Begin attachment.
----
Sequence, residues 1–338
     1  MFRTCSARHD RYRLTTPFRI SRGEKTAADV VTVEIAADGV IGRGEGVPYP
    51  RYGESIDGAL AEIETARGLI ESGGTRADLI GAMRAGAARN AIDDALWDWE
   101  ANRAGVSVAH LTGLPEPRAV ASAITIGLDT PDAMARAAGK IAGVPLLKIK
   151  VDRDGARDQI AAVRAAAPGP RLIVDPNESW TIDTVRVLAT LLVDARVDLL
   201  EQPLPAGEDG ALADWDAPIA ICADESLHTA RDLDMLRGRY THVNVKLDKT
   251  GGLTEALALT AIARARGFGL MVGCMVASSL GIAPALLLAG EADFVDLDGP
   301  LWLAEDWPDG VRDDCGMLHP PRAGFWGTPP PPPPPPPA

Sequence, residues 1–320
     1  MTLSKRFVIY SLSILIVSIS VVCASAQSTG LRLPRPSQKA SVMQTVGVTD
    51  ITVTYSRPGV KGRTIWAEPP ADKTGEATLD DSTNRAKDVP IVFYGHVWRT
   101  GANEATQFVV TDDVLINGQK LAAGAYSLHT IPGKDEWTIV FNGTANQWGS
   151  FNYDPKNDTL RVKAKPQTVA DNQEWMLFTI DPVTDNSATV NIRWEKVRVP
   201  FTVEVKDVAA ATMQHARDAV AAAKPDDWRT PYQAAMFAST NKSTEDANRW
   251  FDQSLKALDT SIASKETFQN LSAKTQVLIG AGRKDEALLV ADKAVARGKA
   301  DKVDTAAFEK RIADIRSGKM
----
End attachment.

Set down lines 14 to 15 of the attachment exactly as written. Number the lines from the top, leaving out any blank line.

   201  FTVEVKDVAA ATMQHARDAV AAAKPDDWRT PYQAAMFAST NKSTEDANRW
   251  FDQSLKALDT SIASKETFQN LSAKTQVLIG AGRKDEALLV ADKAVARGKA